Helpful tip: If you want to play just one of these, try Vol.8, which is a sort of back-port of a game originally made for Nintendo DS and is suitably content-packed and newcomer-friendly.


March '23 update: Metroid Fusion (Game Boy Advance)

What's this? The fourth mainline Metriod game, originally developed by Nintendo and published for the Game Boy Advance in 2002 (the same day as Metroid Prime!), with later reissues for 3DS (via the mea culpa ambassador program) and Wii U Virtual Console; this game directly follows the events of Super Metroid and explores Samus' infection by the parasitic shapeshifting X virus, her relationship with a former CO and increasingly violent encounters with the SA-X, a predator formed from the excised remains of Samus' old power suit.

Why should I care? It's just nice to have the entire mainline series in one place, for one. More specifically, Fusion established the direction that future Japanese Metroid games have followed with varying degrees of strictness: tight controls, bosses that really try, extremely artificed gamey-game environments and just enough narrative to inject or diffuse tension where appropriate. You might even like the Fusion Suit!

Helpful tip: The Japanese version exclusively features easy and unlockable hard modes, as well as several additional exclusive ending images based on various time/collection criteria, but it doesn't offer English text, so you may want to save it for repeat playthroughs.


Fatal Frame / Project Zero: Mask of the Lunar Eclipse

  • Platform: PlayStation 4+5, Nintendo Switch, Xbox, PC via Steam (worldwide)
  • Price: $49.99 or equivalent (standard), $79.99 or equivalent (digital deluxe)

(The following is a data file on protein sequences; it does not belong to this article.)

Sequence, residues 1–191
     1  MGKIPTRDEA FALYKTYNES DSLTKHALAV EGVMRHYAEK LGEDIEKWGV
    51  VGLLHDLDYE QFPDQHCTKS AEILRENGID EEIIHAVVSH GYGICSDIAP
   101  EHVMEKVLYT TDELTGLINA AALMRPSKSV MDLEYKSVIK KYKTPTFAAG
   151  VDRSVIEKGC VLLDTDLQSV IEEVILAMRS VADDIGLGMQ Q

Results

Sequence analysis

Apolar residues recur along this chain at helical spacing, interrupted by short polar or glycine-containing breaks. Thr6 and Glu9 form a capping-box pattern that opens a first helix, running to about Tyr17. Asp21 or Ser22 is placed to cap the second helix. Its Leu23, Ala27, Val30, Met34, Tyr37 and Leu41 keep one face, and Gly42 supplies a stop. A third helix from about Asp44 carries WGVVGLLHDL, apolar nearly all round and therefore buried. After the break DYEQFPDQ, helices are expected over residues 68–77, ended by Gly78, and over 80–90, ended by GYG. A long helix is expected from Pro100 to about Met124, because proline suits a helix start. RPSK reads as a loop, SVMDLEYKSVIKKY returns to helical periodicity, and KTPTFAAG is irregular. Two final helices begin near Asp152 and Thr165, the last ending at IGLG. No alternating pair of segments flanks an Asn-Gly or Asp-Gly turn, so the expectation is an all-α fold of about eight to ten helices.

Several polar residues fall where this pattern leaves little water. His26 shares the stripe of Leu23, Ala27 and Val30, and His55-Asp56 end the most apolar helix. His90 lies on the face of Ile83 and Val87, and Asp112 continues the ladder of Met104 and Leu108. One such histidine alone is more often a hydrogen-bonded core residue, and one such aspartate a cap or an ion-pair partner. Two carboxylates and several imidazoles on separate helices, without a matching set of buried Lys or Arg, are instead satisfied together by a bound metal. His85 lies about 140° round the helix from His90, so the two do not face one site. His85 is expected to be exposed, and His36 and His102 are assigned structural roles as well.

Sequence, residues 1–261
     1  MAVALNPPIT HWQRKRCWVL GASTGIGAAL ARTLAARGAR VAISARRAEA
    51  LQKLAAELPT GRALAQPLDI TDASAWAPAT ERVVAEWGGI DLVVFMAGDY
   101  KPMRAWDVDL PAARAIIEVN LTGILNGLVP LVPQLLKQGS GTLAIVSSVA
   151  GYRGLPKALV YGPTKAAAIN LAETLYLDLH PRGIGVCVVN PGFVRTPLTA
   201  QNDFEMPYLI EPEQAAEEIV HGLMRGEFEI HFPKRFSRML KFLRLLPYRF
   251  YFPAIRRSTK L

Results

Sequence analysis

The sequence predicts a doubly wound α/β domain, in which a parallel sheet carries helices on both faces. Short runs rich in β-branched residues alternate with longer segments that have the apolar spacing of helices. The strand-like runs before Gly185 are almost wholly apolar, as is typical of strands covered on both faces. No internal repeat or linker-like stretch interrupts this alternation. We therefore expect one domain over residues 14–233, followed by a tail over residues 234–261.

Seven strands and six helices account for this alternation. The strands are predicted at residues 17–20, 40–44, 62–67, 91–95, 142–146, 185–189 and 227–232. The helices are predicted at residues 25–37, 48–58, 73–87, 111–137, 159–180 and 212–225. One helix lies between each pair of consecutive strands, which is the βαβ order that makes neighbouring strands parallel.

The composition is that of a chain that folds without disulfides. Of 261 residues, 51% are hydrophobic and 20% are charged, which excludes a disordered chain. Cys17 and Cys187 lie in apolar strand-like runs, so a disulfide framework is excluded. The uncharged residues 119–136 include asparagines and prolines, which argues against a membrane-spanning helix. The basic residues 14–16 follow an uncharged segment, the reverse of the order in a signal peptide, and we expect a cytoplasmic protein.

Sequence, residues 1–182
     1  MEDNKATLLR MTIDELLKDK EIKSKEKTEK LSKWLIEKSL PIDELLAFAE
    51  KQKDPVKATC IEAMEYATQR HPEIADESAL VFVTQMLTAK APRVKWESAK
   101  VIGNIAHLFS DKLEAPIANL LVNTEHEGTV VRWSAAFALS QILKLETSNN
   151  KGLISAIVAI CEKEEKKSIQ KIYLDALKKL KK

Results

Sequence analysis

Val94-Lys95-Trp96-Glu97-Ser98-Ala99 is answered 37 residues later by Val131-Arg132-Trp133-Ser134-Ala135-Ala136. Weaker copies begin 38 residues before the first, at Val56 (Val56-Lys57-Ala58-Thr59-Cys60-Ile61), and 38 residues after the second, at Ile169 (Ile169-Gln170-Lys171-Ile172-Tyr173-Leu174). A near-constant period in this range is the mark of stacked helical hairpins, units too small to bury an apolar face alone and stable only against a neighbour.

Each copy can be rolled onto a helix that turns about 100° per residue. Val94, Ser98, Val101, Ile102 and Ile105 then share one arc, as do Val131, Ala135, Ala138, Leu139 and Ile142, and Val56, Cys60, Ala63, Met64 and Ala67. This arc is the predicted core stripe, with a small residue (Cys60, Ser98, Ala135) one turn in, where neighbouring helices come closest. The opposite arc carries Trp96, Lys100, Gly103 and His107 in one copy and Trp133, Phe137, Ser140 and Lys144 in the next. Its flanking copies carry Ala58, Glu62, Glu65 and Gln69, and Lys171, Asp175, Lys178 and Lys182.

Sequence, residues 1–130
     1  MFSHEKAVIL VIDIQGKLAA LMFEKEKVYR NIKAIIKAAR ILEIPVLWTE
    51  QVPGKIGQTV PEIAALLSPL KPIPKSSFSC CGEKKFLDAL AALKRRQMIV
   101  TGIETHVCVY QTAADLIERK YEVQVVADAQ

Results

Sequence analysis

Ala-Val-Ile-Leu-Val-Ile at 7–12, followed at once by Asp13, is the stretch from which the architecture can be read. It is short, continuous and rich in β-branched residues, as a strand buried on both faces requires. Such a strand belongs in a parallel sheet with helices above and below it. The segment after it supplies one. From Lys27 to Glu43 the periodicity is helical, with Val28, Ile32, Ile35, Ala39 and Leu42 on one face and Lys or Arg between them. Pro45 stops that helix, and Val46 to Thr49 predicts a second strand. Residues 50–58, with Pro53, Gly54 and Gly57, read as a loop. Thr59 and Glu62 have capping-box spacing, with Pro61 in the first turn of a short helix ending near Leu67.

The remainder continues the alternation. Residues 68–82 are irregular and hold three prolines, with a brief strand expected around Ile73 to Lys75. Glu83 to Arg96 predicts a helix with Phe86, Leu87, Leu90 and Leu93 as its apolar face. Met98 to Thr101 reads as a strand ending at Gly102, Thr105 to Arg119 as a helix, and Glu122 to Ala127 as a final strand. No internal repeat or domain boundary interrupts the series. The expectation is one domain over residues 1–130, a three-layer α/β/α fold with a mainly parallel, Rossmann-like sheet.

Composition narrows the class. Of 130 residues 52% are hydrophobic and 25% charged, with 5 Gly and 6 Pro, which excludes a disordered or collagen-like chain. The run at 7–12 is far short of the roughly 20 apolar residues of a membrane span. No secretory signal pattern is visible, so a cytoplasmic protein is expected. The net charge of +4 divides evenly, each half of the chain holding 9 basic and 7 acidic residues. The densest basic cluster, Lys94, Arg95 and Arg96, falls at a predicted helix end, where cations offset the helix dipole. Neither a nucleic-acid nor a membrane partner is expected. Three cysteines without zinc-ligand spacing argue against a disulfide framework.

• Publisher: Koei-Tecmo

What's this? A remaster of the fourth game in Tecmo's photography-themed horror series Fatal Frame / Project Zero, originally developed by Grasshopper Manufacture and released for the Nintendo Wii in 2008, exclusively in Japan; this version marks the first official global release and boasts significantly enhanced character models and lighting, alterations to the original version's peculiar tilf-based controls, enhancements to the original save system and some new additions like a photo mode. (The digital deluxe version adds a bunch more character costumes, and can be bought as an upgrade for the standard version, should you so desire.)

Why should I care? The original game was a very prominent near-miss for international release some fifteen years ago — it was allegedly shelved due to unresolved issues pertaining to progression-breaking bugs, but whatever the reason, its disappearance ushered in an era of uncertainty and low-profile releases for a series once considered a pillar of modern Japanese horror alongside Silent Hill and Resident Evil, and so this remaster not only closure for a long-standing request but will hopefully also represent the re-emergence of a series that one could imagine is running out of chances make a big comeback. 

Helpful tip: Apparently the PC port is... pretty okay? What the hell, Temco.


  • Platform: Nintendo Switch (worldwide outside of Japan)
  • Price: $14.99 or equivalent
  • Publisher: Playism

What's this? A commercial remake of the acclaimed free RPG Maker 2000 art-gallery horror game Ib, originally developed and released by creator kouri in 2012 and updated until 2014; this new version offers redrawn, higher-resolution visuals, support for multiple languages, the replacement/revision of certain puzzles and some extras like a post-game gallery.

Why should I care? Ib is a quintessential title that played a significant role in ushering in the current era of deeply personal but communally-appreciated introspective horror games, and this remake hews so close to the original so as to be almost wholly additive: you wouldn't want to play them back-to-back, but you might want to play the free version and then buy this version for the sake of throwing some money kouri's way.

Helpful tip: The Steam version is also being updated today with several of the additional languages added for the Switch port.


Press Run Books paperback edition preorders on Amazon

Wanna give Jeremy slightly less of your money than you might be required to give for other, harder-cover alternatives? Amazon's got you covered.